Because employer-sponsored spending comes from employee wages and benefits, employers have a fiduciary responsibility to administer benefits in the interest of participants. The lack of transparency of prices in the health care market limits the ability of employers to knowledgeably develop or implement benefit design decisions. This article is designed to allow an easy comparison of hospital prices using a single metric.

  • Availability and Accessibility of Mental Health Services in New York City

    Mental health services provide essential supports to people living with psychiatric disorders. However, in the United States as a whole and in New York City in particular, the use of mental health services is low and care is not equitably distributed. To advance policy strategy for addressing gaps in the mental health services system, RAND researchers investigate the availability and accessibility of mental health services in New York City.

  • Evaluation of Los Angeles County Department of Mental Health's 2020–2021 L.A. Dodgers Mental Health Campaign

    This article presents an evaluation of a Los Angeles County Department of Mental Health campaign with the Los Angeles Dodgers in 2020 and 2021 that focuses on the prevention of and early intervention for mental health challenges—an effort specifically aimed at the team's extensive Hispanic fan base. This group is a key county demographic with attitudes toward mental illness that sometimes differ from those of other ethnic groups.

  • Programs for Care System Transitions in Mental Health: A Systematic Review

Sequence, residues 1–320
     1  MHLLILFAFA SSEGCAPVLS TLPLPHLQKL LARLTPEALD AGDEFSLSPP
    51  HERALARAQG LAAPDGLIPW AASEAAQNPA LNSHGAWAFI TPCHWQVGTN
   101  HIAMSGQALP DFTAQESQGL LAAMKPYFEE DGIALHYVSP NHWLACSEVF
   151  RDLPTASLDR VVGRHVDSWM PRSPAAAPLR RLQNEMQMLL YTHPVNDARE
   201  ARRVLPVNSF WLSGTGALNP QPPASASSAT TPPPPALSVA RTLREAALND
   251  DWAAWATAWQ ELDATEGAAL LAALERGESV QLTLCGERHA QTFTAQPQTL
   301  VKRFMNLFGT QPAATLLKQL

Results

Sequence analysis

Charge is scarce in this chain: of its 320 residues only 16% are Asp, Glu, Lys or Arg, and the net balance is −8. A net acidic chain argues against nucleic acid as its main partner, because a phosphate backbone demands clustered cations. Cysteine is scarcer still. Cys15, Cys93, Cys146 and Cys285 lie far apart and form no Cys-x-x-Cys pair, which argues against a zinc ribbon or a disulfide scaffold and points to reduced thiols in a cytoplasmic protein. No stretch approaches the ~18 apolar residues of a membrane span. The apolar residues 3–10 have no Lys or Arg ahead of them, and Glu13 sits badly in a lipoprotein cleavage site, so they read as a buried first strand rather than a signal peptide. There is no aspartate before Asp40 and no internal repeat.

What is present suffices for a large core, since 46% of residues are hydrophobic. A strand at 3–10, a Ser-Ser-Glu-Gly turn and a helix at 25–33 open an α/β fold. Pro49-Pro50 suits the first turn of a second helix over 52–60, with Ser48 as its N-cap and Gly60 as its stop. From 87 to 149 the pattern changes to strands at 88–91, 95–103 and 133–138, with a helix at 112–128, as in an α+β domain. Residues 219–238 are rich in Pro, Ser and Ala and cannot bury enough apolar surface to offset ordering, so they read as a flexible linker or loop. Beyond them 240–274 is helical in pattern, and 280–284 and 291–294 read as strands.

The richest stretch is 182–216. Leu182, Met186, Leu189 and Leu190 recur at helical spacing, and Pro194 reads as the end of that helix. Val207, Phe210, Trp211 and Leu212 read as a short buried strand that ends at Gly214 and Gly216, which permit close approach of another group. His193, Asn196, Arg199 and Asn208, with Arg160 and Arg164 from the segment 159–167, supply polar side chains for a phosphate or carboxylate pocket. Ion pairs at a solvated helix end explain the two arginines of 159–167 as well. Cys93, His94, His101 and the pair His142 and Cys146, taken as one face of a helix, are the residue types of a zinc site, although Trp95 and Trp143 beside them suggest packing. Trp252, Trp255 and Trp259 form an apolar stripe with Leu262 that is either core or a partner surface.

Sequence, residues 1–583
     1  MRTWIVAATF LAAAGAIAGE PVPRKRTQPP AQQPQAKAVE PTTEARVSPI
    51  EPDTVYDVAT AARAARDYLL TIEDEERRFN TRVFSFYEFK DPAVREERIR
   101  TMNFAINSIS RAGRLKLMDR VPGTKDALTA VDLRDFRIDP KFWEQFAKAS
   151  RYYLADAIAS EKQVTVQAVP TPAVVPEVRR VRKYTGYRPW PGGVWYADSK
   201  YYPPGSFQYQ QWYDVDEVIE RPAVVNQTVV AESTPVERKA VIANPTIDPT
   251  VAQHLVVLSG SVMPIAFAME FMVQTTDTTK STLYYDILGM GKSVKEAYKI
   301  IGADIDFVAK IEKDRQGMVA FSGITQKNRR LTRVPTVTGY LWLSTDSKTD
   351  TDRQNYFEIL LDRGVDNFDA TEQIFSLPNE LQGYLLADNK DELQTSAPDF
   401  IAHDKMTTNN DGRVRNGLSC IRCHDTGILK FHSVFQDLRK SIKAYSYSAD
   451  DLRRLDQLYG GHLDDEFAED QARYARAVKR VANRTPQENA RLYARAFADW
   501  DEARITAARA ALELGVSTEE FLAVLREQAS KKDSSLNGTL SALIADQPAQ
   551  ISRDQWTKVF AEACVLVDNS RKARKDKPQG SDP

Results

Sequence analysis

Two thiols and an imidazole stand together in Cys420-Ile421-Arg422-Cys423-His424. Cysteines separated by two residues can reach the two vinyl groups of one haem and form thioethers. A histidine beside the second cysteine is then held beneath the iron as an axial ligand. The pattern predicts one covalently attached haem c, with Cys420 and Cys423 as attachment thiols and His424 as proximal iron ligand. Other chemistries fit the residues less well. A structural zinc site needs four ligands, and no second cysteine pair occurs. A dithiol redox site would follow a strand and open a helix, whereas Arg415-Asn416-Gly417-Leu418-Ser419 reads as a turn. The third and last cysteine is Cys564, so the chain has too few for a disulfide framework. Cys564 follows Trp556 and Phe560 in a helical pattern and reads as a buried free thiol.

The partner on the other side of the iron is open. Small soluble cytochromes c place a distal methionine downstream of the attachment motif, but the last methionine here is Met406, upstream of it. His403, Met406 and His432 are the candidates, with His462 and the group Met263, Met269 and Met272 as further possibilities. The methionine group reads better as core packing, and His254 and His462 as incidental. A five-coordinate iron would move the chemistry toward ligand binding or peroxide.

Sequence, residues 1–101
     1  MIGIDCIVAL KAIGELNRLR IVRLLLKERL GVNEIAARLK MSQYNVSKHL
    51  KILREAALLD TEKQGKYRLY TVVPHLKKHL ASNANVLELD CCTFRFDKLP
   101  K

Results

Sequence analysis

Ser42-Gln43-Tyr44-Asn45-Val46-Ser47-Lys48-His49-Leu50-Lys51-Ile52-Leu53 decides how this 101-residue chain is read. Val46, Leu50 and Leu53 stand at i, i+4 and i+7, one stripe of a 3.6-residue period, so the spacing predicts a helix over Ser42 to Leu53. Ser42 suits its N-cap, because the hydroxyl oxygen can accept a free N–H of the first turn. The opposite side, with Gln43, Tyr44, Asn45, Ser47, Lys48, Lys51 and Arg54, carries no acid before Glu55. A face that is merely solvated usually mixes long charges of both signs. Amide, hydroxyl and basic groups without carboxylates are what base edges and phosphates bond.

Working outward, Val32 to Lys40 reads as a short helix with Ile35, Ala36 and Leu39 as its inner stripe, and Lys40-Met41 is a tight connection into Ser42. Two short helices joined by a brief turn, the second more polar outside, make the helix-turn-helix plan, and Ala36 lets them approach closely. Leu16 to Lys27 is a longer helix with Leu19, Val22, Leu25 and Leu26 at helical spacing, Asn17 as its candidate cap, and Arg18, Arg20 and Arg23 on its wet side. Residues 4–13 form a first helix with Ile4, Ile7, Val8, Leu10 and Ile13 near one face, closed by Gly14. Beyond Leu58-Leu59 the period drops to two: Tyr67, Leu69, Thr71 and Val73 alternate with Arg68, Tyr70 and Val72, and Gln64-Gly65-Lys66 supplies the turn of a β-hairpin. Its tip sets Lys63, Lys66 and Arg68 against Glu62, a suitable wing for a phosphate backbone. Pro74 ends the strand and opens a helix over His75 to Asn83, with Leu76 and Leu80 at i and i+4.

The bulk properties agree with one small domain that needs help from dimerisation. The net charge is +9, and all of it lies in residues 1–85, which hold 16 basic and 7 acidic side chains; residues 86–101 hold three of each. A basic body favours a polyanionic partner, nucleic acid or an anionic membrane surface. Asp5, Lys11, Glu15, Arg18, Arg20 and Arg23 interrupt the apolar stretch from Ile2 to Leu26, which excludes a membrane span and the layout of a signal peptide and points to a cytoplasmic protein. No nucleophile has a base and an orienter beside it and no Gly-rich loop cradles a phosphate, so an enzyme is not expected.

Transitions between health care systems can be especially complicated when patients with mental health conditions leave an integrated system, such as the Military Health System (MHS), and are required to manage their own care until they enter a new system. Considering how to navigate such transitions, the authors synthesize the evidence across existing evaluations.

  • The Impact of Mindfulness Meditation Programs on Performance-Related Outcomes: Implications for the U.S. Army

    This article presents results from a systematic review and meta-analyses of research examining how mindfulness meditation affects 13 performance-related outcomes of interest to the U.S. Army and broader military. The authors supplemented the systematic review by examining how mindfulness meditation could support stress management and exploring characteristics of selected mindfulness programs.

  • Physical Fitness Standards to Support Readiness and Deployability: An Examination of Department of the Air Force Policies and Culture

    To ensure its service members have the requisite physical fitness to serve, the Department of the Air Force has established a variety of medical and physical standards. The authors analyze Tier 1 fitness assessment (FA) data to determine whether the FA components meet their intended purpose to minimize health risks and maximize readiness of airmen, and the authors also examine perceptions about fitness policies and the culture of fitness.

RAND Health Quarterly is produced by the RAND Corporation. ISSN 2162-8254.